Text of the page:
Week 4: fundamentals of music composition

This week was a mini-breakthrough for interactive music. I am definitely starting to understand more about the code and music. I spent a lot of time the past week just going over the in class examples, reading “Javascript: The Good Parts” and asking a lot of questions to understand class, methods, and prototypes. It also helped to visit The Active Space for our field trip in Bushwick. That was incredibly inspiring, and made me want to just go home and work.┬áIt was nice to hear people outside of a school environment talk about interactive music and to learn more about the work of Yotam. I felt like I left with a better grasp of what interactive music is, and how we can contribute to it.

Our assignment this week was to encapsulate our notes in a Function Object and give our object an expressive interface that we can use. What I decided to do was have a motif of “conflict + resolution”. My Function object is Resolution and my public methods are the types of ways in which people fight in order to come to a resolution.

I decided to represent this visually with lego men faces. Each facial expression represents notes that convey the personality of the person fighting. For example, the angry face is only given 3 notes that are lower and have a longer duration, whereas the scared-looking face has 12, which start low and go very high. While the “calm” smiling one has about half that amount of notes that sound more balanced and calm.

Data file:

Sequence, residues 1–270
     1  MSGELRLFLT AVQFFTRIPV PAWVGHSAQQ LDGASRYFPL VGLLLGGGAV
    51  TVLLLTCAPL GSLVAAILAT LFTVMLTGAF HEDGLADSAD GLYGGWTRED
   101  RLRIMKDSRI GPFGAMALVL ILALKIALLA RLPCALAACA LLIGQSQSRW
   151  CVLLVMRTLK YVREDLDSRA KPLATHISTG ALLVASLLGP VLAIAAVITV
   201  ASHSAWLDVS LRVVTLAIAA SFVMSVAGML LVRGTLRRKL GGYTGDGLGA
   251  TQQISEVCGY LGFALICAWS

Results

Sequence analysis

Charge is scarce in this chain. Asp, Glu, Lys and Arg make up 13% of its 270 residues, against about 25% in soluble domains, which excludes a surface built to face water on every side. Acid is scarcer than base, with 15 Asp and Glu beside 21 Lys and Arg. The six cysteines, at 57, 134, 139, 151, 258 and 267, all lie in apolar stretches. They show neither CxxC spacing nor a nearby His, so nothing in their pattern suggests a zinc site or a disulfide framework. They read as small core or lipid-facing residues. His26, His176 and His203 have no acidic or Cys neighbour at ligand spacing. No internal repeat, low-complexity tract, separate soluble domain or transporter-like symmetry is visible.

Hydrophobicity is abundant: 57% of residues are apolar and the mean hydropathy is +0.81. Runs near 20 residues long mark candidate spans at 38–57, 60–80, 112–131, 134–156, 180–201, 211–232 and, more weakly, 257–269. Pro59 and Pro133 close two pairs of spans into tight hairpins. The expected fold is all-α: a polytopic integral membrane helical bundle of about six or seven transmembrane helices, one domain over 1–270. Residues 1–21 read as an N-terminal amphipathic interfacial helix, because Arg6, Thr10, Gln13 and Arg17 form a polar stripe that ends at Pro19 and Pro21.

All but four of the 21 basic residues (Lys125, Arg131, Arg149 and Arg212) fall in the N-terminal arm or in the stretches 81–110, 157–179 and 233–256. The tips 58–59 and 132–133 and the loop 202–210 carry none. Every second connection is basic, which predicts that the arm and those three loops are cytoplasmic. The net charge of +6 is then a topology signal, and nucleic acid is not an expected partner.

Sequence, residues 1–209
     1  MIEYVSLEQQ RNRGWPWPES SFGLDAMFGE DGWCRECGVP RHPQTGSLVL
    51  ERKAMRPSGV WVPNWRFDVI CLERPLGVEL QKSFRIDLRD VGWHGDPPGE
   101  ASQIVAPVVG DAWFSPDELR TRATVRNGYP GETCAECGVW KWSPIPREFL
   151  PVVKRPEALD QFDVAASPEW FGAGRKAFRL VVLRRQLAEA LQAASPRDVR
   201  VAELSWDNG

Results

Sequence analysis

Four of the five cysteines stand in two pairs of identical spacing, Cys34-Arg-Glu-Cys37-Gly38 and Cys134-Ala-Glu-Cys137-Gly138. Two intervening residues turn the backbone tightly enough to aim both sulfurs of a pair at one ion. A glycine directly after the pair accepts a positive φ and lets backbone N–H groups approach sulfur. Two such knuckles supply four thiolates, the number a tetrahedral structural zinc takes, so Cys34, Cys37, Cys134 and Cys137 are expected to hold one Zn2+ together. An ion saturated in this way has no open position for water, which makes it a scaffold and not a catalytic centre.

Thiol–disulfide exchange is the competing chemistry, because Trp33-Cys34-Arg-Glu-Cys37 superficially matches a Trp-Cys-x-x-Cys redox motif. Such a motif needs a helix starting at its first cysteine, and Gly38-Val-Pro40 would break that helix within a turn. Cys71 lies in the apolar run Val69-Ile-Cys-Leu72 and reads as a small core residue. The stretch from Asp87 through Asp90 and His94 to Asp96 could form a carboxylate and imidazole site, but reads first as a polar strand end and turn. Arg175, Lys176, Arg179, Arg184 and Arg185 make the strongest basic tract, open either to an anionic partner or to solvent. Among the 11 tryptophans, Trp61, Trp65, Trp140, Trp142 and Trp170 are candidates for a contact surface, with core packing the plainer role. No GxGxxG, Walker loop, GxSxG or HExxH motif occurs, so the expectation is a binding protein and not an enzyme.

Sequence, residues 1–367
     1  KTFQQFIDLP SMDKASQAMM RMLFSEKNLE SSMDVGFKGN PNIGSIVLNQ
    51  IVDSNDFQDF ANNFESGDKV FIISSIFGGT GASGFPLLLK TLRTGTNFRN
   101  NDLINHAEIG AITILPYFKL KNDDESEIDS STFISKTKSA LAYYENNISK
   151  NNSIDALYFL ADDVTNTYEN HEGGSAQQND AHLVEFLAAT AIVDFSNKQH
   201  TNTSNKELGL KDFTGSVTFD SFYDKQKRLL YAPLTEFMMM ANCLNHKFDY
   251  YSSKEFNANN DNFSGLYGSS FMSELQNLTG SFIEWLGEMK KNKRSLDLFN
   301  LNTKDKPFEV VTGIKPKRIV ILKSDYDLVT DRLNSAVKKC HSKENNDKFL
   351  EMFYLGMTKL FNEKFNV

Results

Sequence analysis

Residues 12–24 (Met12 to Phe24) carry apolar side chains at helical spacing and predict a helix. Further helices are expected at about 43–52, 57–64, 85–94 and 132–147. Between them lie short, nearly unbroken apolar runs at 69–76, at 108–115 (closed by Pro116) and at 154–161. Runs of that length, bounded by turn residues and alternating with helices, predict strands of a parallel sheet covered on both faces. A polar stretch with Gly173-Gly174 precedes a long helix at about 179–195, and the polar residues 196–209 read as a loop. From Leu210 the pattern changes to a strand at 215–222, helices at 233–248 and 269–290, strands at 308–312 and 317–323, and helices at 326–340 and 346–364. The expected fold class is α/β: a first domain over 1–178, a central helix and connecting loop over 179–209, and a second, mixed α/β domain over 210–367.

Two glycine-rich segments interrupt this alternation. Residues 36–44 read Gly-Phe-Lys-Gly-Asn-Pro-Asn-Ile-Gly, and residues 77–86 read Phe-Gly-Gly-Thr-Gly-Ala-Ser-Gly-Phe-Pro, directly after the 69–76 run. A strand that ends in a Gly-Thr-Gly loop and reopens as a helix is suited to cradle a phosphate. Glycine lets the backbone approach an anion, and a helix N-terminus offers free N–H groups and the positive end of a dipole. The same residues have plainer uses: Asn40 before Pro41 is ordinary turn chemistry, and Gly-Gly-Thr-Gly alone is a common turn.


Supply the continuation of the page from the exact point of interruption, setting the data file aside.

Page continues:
Once I got all of the notes to emulate the emotions of angry/aggressive, scared, and calm, I wanted to give the user the opportunity to play with the pitch of all three. I thought this would be a nice addition to simulate a type of argument that escalades and then eventually calms down to resolution. Often when we argue, depending on our mood, our voices get higher or lower, which is usually related to how irrational or logical we are being. I thought this would be a nice interaction for a user to experience.

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In order to do this I created a method inside of the constructor function that raises or lowers the octave. Then when I called this method inside of the button, I added a counter variable that would increase or decrease.

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Below is the final version.

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